That practice is called transcription: 1.2 A form in which a speech sound or a foreign character is represented: ODO Transliteration is not necessarily a phonetic operation: Transliterate: Write or print (a letter or word) using the closest corresponding letters of a different alphabet or language: ODO Because Arabic has a ...


6

Yes, there is a connection between losing one phonemic property and gaining another. Most approaches to phonology conceptualize words as having double lives: on the one hand, they are made of a particular sound sequence which you have to pronounce correctly; on the other hand, the sounds in sequences are only recognized as discrete parts because they ...


6

Phonemics, or Phonology, is the study of the distribution of sound systems in human languages. A Phoneme is a particular set of sounds produced in a particular language and distinguishable by native speakers of that language from other (sets of) sounds in that language. That's what "distinctive" means -- the English phonemes /n/ and /ŋ/ can be told apart by ...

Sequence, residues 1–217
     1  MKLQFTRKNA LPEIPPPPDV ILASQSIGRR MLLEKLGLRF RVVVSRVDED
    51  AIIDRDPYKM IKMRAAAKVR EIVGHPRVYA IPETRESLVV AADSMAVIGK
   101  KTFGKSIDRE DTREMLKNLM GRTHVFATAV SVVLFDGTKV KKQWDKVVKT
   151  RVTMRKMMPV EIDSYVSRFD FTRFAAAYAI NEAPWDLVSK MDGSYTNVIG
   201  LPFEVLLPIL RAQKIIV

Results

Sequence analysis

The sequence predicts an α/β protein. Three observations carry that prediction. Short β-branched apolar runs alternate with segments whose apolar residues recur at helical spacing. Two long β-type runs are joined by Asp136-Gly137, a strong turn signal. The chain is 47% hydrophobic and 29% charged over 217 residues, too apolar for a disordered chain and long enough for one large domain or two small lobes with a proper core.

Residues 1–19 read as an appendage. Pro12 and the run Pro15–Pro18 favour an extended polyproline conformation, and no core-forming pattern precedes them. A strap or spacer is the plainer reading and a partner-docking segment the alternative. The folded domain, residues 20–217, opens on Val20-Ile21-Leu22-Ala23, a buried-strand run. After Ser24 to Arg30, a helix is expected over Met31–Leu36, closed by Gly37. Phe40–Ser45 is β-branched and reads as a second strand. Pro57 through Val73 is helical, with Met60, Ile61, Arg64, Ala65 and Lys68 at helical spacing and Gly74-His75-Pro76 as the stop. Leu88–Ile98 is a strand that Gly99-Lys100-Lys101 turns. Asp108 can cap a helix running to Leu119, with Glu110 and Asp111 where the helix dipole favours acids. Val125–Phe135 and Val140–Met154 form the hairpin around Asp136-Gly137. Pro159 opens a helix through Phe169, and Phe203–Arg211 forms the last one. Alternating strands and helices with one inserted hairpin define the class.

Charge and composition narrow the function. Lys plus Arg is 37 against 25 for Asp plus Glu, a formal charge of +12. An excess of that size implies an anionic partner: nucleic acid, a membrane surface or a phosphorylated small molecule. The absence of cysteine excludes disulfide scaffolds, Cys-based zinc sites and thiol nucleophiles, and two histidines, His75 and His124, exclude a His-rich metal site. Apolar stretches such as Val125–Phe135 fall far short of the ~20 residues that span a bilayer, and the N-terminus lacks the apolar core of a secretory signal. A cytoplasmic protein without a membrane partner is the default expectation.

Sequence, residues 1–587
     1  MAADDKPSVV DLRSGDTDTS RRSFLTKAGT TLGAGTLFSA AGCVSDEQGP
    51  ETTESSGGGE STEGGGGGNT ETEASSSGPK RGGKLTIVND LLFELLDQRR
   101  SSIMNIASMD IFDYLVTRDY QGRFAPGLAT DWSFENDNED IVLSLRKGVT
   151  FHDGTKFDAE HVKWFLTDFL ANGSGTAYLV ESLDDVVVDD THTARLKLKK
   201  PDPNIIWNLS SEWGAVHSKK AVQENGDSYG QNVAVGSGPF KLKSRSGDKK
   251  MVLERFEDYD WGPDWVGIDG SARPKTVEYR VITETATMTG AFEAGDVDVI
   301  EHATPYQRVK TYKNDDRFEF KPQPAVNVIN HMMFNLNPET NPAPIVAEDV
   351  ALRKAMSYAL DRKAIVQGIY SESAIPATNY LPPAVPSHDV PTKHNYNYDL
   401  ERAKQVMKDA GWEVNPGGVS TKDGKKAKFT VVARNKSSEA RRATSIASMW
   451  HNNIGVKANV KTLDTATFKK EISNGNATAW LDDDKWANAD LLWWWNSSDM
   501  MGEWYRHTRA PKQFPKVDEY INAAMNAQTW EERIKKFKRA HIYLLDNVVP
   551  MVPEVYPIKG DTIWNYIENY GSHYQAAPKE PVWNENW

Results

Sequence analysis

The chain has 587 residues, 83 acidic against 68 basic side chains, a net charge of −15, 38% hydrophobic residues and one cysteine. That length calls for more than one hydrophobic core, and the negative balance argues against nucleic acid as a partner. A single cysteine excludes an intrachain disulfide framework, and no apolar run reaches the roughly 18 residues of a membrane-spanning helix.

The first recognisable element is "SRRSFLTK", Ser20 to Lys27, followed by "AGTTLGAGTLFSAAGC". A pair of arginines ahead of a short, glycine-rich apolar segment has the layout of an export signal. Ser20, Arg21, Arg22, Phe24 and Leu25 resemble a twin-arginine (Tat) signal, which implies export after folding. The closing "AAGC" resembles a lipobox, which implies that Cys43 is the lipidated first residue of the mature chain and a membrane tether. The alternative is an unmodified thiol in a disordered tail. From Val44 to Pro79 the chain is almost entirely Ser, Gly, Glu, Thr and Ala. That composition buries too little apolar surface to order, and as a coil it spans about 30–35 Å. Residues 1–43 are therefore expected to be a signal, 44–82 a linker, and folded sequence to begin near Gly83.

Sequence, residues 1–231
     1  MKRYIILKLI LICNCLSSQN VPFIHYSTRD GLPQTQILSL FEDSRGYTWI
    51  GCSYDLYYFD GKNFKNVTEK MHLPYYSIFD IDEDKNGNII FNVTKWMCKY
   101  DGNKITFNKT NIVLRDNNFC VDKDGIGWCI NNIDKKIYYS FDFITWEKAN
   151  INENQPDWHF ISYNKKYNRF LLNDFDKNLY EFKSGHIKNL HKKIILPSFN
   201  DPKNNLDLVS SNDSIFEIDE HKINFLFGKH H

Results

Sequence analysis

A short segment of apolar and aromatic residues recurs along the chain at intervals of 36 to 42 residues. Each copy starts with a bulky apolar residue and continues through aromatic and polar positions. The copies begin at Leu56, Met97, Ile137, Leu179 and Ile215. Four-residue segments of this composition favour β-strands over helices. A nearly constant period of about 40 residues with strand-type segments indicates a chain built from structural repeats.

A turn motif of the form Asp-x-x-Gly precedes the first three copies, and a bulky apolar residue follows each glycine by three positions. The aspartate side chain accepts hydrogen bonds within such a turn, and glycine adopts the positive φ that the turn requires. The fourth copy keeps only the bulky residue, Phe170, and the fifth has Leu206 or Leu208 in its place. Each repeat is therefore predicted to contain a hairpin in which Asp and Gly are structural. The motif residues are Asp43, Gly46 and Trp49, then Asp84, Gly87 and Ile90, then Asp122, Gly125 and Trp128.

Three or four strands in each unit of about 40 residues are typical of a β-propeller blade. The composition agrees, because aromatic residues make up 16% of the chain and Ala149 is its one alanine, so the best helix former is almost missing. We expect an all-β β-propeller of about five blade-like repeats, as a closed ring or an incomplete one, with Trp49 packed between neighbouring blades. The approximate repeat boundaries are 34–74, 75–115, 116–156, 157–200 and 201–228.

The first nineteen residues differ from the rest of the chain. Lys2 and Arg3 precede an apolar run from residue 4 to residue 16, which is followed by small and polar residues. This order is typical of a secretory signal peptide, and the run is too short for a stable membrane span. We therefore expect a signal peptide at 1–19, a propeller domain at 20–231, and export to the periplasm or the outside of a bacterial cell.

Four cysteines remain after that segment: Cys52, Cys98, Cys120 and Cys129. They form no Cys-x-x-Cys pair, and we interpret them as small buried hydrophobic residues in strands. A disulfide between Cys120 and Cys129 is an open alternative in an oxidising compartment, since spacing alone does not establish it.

6

yes. it can either be /ɪnˈʃrʌɪn/ or /ɛnˈʃrʌɪn/. Usually, the more common is listed first.


6

In California and the Southwestern U.S., the /ɪ/ in think is pronounced more like the vowel /i/ in bean, so it's close to /θiŋk/ in IPA. See this post on dialect blog, which calls it pre-velar tensing. In fact, I suspect this pronunciation is also present in the speech of some Americans who are not from the West, just judging from the way some speakers on ...


6

TL;DR: Science has two syllables compared with just one in signs, but phonologic factors like fast-speech rules and characteristics of Southeast Asian languages might make them sound alike you. When you ask “how many syllables” a word has, especially one like science, you open up an extremely broad question whose complete treatment is probably beyond the ...


6